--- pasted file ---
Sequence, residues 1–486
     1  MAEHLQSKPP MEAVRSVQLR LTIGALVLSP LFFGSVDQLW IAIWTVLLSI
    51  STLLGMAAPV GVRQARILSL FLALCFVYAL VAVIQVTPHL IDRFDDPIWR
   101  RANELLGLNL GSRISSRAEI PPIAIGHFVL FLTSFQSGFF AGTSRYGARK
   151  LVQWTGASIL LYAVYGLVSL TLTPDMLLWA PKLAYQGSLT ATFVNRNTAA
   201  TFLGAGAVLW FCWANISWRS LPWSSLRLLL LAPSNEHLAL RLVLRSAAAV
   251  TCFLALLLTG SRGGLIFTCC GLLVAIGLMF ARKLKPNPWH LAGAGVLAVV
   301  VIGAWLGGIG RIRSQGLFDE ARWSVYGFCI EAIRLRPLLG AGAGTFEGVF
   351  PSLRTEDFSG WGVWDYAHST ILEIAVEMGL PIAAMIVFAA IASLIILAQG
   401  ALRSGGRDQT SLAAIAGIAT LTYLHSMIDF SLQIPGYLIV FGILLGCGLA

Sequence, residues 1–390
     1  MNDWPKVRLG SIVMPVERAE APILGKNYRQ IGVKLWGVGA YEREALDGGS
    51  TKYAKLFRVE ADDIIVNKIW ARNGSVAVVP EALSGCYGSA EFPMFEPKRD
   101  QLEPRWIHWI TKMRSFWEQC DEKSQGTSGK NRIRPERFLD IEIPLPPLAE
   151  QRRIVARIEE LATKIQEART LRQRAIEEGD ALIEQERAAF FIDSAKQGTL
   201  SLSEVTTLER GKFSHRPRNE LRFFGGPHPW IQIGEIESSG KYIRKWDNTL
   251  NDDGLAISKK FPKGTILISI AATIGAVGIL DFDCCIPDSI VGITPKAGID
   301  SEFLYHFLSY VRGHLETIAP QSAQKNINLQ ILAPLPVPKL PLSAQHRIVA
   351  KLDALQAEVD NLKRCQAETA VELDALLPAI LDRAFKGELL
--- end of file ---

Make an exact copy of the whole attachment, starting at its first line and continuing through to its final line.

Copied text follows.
Sequence, residues 1–486
     1  MAEHLQSKPP MEAVRSVQLR LTIGALVLSP LFFGSVDQLW IAIWTVLLSI
    51  STLLGMAAPV GVRQARILSL FLALCFVYAL VAVIQVTPHL IDRFDDPIWR
   101  RANELLGLNL GSRISSRAEI PPIAIGHFVL FLTSFQSGFF AGTSRYGARK
   151  LVQWTGASIL LYAVYGLVSL TLTPDMLLWA PKLAYQGSLT ATFVNRNTAA
   201  TFLGAGAVLW FCWANISWRS LPWSSLRLLL LAPSNEHLAL RLVLRSAAAV
   251  TCFLALLLTG SRGGLIFTCC GLLVAIGLMF ARKLKPNPWH LAGAGVLAVV
   301  VIGAWLGGIG RIRSQGLFDE ARWSVYGFCI EAIRLRPLLG AGAGTFEGVF
   351  PSLRTEDFSG WGVWDYAHST ILEIAVEMGL PIAAMIVFAA IASLIILAQG
   401  ALRSGGRDQT SLAAIAGIAT LTYLHSMIDF SLQIPGYLIV FGILLGCGLA

Sequence, residues 1–390
     1  MNDWPKVRLG SIVMPVERAE APILGKNYRQ IGVKLWGVGA YEREALDGGS
    51  TKYAKLFRVE ADDIIVNKIW ARNGSVAVVP EALSGCYGSA EFPMFEPKRD
   101  QLEPRWIHWI TKMRSFWEQC DEKSQGTSGK NRIRPERFLD IEIPLPPLAE
   151  QRRIVARIEE LATKIQEART LRQRAIEEGD ALIEQERAAF FIDSAKQGTL
   201  SLSEVTTLER GKFSHRPRNE LRFFGGPHPW IQIGEIESSG KYIRKWDNTL
   251  NDDGLAISKK FPKGTILISI AATIGAVGIL DFDCCIPDSI VGITPKAGID
   301  SEFLYHFLSY VRGHLETIAP QSAQKNINLQ ILAPLPVPKL PLSAQHRIVA
   351  KLDALQAEVD NLKRCQAETA VELDALLPAI LDRAFKGELL